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Metabolomics of oncogene-specific metabolic reprogramming during breast cancer.

Metabolomics of oncogene-specific metabolic reprogramming during breast cancer.
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Dai C, Arceo J, Arnold J, Sreekumar A, Dovichi NJ, Li J, Littlepage LE,


Dai C, Arceo J, Arnold J, Sreekumar A, Dovichi NJ, Li J, Littlepage LE, (click to view)

Dai C, Arceo J, Arnold J, Sreekumar A, Dovichi NJ, Li J, Littlepage LE,

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Cancer & metabolism 2018 04 036() 5 doi 10.1186/s40170-018-0175-6

Abstract
Background
The complex yet interrelated connections between cancer metabolism and oncogenic driver genes are relatively unexplored but have the potential to identify novel biomarkers and drug targets with prognostic and therapeutic value. The goal of this study was to identify global metabolic profiles of breast tumors isolated from multiple transgenic mouse models and to identify unique metabolic signatures driven by these oncogenes.

Methods
Using mass spectrometry (GC-MS, LC-MS/MS, and capillary zone electrophoresis (CZE)-MS platforms), we quantified and compared the levels of 374 metabolites in breast tissue from normal and transgenic mouse breast cancer models overexpressing a panel of oncogenes (PyMT, PyMT-DB, Wnt1, Neu, and C3-TAg). We also compared the mouse metabolomics data to published human metabolomics data already linked to clinical data.

Results
Through analysis of our metabolomics data, we identified metabolic differences between normal and tumor breast tissues as well as metabolic differences unique to each initiating oncogene. We also quantified the metabolic profiles of the mammary fat pad versus mammary epithelium by CZE-MS/MS. However, the differences between the tissues did not account for the majority of the metabolic differences between the normal mammary gland and breast tumor tissues. Therefore, the differences between the cohorts were unlikely due to cellular heterogeneity. Of the mouse models used in this study, C3-TAg was the only cohort with a tumor metabolic signature composed of ten metabolites that had significant prognostic value in breast cancer patients. Gene expression analysis identified candidate genes that may contribute to the metabolic reprogramming.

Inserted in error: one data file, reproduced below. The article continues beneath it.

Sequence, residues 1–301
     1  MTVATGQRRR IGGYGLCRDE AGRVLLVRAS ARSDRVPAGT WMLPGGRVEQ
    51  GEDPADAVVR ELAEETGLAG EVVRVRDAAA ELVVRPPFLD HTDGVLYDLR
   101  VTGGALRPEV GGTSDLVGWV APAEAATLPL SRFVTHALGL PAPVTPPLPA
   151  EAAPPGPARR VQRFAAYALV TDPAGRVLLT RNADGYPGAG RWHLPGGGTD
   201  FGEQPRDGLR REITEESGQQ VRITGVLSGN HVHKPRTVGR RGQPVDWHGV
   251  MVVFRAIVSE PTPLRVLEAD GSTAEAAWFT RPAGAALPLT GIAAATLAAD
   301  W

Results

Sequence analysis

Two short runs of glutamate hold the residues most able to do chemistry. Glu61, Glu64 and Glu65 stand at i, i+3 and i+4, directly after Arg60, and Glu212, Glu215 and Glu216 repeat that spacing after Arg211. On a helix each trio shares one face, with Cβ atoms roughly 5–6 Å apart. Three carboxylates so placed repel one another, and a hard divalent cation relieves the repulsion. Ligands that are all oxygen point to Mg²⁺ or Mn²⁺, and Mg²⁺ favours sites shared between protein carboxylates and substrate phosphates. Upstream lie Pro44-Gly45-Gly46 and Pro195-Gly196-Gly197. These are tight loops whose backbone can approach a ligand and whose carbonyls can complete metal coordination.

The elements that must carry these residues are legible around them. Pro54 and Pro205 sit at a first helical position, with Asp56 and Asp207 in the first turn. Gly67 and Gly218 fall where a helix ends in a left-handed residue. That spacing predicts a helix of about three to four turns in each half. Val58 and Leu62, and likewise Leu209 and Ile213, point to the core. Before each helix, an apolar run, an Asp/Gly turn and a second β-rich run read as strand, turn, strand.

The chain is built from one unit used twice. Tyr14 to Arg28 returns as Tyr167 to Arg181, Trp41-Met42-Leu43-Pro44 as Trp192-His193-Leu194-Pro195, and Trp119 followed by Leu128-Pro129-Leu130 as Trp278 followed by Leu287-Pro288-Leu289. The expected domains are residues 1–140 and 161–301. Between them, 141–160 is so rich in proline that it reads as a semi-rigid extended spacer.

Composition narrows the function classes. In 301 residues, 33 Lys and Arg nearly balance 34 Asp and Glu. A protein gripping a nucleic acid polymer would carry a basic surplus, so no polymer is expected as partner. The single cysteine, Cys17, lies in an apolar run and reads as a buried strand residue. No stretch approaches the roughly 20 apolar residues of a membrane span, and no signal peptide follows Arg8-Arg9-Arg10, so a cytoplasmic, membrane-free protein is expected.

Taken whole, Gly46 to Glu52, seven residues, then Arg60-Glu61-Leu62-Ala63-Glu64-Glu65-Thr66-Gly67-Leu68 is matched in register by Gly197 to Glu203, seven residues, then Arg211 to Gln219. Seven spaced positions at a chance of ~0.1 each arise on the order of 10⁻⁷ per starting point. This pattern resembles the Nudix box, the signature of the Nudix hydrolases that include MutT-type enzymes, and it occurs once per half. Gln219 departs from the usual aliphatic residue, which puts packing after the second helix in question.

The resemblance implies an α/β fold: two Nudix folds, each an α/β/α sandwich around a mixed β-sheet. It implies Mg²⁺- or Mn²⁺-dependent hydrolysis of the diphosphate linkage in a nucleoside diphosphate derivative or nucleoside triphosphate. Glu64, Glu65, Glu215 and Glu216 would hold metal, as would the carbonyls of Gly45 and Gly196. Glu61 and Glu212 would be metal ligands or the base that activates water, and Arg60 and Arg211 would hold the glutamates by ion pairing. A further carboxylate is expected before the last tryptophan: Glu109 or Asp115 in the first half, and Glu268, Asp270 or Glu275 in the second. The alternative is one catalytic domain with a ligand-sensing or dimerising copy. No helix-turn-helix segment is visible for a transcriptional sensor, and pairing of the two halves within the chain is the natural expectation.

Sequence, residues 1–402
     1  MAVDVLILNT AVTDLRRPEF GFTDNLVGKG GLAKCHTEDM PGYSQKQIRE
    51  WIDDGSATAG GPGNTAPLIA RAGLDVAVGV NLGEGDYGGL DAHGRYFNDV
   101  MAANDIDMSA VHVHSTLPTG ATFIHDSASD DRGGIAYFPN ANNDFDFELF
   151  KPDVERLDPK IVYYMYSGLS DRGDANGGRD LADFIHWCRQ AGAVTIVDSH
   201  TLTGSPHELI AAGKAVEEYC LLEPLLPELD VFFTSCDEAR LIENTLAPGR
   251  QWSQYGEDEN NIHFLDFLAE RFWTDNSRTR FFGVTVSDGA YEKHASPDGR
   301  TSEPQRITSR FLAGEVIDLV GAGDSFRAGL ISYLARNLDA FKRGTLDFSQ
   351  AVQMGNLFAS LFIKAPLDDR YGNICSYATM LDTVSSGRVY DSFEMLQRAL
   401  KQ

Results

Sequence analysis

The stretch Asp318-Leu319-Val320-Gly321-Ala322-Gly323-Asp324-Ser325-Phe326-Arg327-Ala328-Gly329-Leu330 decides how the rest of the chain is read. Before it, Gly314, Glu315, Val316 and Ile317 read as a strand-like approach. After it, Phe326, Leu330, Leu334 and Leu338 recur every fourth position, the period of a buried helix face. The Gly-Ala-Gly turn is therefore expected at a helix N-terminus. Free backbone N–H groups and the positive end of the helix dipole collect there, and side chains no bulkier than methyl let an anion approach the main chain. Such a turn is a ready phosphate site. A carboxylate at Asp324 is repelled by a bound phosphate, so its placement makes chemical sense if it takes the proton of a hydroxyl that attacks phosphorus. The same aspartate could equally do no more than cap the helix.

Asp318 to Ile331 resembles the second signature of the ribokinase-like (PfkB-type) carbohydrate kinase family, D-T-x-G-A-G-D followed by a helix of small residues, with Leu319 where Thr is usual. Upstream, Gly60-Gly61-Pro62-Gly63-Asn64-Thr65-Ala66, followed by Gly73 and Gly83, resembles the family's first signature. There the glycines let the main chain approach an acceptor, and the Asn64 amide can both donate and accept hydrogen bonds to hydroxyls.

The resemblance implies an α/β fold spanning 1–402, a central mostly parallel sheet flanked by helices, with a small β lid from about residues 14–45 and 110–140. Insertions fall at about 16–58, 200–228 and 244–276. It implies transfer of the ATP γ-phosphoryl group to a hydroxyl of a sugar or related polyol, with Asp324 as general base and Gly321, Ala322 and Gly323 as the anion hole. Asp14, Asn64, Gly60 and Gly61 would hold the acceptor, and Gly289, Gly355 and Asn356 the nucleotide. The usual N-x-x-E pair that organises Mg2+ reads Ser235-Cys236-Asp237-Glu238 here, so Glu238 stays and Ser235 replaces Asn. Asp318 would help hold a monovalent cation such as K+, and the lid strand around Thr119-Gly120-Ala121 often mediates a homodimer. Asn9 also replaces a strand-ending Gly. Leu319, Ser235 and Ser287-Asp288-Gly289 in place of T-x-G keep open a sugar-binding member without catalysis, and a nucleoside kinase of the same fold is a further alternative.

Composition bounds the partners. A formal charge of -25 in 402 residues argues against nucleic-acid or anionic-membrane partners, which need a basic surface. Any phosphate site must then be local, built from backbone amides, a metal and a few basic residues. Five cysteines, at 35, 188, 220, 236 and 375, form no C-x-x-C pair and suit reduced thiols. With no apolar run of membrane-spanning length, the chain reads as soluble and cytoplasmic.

Conclusions
This study identifies oncogene-induced metabolic reprogramming within mouse breast tumors and compares the results to that of human breast tumors, providing a unique look at the relationship between and clinical value of oncogene initiation and metabolism during breast cancer.

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